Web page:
Higher interest rates mean ‘free money’ is over
Stellantis CEO Carlos Tavares said on Wednesday that the changing economy will have implications for the startup world and prove the value of the company’s bet on them this year.
Tavares made his comments during an online awards announcement to highlight the company’s partnerships with startups.
Because governments are raising interest rates to fight inflation, access to finance won’t be so easy for startups in the future, according to Tavares, who said the situation is a result of the ” additional monetary mass that has been put on the market”. “
It’s apparently a reference to efforts by governments to tackle the economic toll of the coronavirus pandemic, for example by delivering stimulus payments to individuals.
The “free money” period will disappear as interest rates rise, he said during a company webcast.
“If we raise interest rates, the free money is used up, which means some startups will have a little more difficulty growing,” Tavares said.
Earlier this year, Stellantis announced the creation of a $302 million (€300 million) venture capital fund. The company said it will invest in early-stage and late-stage startups in the automotive and mobility sectors.
The company said it had two goals: find businesses that would be financially viable and, more importantly, customer-focused. The effort is designed to enable the company to find innovative technologies that can be developed faster than through traditional automotive industry processes and help the company achieve its goals, as outlined in its Plan Dare the future 2030.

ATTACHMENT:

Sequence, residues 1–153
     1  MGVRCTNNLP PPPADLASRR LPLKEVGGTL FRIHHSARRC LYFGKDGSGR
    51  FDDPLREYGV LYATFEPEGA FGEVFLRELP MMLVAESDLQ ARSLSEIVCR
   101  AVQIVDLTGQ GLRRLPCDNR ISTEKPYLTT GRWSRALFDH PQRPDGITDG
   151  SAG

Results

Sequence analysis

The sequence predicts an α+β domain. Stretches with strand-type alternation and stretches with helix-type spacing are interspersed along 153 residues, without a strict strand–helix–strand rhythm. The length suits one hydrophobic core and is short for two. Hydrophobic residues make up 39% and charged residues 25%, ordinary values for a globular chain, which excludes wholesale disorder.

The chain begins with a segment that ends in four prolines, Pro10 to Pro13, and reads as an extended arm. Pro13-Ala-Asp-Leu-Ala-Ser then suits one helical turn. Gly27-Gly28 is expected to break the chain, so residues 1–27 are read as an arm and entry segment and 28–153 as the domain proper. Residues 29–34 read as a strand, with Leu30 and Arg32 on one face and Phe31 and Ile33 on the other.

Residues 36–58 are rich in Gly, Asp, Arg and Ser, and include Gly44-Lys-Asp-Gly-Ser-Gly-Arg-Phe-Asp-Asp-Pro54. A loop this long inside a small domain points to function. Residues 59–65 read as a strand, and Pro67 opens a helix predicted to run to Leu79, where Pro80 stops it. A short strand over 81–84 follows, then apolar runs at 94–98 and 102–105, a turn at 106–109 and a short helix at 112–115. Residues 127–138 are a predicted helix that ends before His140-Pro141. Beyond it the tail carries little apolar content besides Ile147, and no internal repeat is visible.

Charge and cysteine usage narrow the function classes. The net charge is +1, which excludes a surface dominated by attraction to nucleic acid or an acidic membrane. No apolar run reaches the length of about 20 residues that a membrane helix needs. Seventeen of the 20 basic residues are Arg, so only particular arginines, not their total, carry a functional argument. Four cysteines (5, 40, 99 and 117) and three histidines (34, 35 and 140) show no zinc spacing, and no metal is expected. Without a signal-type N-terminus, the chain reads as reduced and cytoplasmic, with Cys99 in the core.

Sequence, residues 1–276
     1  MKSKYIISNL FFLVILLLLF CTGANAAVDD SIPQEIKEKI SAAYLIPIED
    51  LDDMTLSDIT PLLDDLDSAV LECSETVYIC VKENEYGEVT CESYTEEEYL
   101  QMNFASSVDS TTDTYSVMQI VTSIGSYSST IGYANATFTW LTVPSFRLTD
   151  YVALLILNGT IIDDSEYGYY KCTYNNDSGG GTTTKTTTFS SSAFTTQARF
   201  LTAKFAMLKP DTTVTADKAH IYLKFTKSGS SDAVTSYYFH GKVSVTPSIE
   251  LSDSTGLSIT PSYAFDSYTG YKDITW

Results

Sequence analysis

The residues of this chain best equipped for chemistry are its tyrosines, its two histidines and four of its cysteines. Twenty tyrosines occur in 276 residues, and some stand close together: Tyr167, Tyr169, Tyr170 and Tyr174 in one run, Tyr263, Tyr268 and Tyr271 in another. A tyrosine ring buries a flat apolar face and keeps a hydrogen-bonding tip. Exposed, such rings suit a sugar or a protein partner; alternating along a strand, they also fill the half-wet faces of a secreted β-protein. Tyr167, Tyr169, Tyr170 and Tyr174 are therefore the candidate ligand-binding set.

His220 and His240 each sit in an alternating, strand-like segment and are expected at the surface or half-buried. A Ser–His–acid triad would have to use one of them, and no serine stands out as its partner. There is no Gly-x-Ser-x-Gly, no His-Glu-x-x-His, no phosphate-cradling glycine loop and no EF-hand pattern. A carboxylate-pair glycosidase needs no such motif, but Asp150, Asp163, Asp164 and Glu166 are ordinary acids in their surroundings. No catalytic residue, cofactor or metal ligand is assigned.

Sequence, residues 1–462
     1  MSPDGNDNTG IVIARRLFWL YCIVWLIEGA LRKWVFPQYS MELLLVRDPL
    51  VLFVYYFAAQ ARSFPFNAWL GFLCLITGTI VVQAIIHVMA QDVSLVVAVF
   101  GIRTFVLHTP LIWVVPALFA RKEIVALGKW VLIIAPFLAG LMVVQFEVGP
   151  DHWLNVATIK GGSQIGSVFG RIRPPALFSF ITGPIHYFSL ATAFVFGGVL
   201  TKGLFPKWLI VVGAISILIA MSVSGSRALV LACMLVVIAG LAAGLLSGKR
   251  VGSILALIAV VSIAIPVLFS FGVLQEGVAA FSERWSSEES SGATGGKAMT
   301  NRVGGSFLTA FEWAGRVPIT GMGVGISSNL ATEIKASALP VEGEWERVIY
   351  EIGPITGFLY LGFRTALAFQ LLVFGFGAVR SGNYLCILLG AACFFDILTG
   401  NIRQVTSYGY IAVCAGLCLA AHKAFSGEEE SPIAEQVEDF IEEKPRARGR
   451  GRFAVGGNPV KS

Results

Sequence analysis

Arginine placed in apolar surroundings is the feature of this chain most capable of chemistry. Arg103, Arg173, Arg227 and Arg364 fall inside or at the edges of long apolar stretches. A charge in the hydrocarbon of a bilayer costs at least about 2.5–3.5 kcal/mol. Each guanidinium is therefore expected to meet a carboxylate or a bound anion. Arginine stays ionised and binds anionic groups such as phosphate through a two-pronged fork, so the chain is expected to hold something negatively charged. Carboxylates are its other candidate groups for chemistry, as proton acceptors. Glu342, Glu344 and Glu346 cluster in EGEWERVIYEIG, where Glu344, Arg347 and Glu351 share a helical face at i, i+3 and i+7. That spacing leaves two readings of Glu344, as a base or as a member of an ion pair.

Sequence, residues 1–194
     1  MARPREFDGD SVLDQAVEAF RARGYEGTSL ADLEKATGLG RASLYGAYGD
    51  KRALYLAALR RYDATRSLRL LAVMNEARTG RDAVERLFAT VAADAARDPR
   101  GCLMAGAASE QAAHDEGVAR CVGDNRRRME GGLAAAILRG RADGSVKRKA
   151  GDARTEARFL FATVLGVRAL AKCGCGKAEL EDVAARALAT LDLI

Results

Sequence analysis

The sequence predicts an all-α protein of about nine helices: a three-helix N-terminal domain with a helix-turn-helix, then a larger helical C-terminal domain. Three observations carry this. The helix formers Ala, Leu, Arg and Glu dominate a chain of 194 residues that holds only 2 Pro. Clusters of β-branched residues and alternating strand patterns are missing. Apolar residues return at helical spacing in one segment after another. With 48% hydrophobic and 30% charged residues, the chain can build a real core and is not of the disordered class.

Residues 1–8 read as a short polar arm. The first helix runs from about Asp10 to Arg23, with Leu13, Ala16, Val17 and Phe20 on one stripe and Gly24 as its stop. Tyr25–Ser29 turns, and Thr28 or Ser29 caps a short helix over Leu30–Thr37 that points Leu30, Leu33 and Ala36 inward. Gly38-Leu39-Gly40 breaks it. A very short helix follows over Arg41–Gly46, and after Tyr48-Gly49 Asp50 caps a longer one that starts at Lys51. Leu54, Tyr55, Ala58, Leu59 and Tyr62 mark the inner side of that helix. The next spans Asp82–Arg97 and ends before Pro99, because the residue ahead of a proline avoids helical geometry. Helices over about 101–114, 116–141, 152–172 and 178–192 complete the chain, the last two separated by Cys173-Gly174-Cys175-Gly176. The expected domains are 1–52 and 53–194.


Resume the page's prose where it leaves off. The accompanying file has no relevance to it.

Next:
On Wednesday, Tavares said Stellantis had signed 40 different deals with 40 startups, and the company announced the finalists for what it called its 2022 Stellantis Startup Awards, highlighting seven notable deals it works with in areas ranging from customer service to supply chain improvements to “agility and efficiency.”
The finalists have participated in operations in different parts of the globe, including Brazil, France, Turkey and the United States, where an emergency alert system to warn drivers of road hazards in real time is being “prototyped” on Jeep, Ram, Chrysler and Dodge vehicles, according to a press release. Each received a non-fungible trophy, or NFT, which was described as “an artistic rendition of intertwined hands expressing the concept that in turbulent times, ideas prevail.”
One of the startups featured was Phygitall, under the Industry 4.0 heading. The startup has developed a system that has been deployed at Stellantis’ engine plant in Betim, Brazil. Employees would wear smartwatches to “analyze the pattern and intensity of hand movements to optimize the manufacturing process, increase safety, quality and efficiency,” a press release said.
According to a presentation on the process, it compared how workers operated on different shifts at the factory.
Ned Curic, Stellantis CTO, said Stellantis officials have learned the company can save a lot of time on a range of tasks in a manufacturing plant. The company had an idea of this before, but had no way to measure it.
“I think it’s an area of immense transformation where we can do the same tasks much faster,” Curic said.
In response to a number of questions about how employees in Brazil have reacted to the technology and whether it will be implemented in the United States, Tavares spoke of the need for the company and its employees to be ready to to change.
“The employees are very, very thoughtful people. They fully understand that if we don’t change, we disappear,” he said.
Tavares said the company’s larger scale following the merger that created it early last year will help it navigate the changing automotive landscape and manage the necessary investments, but that internal change is also needed.
“They understood that in the Darwinian world, if we don’t change, we disappear regardless of our scale…but scale helps dilute the huge investments we have to make,” Tavares said.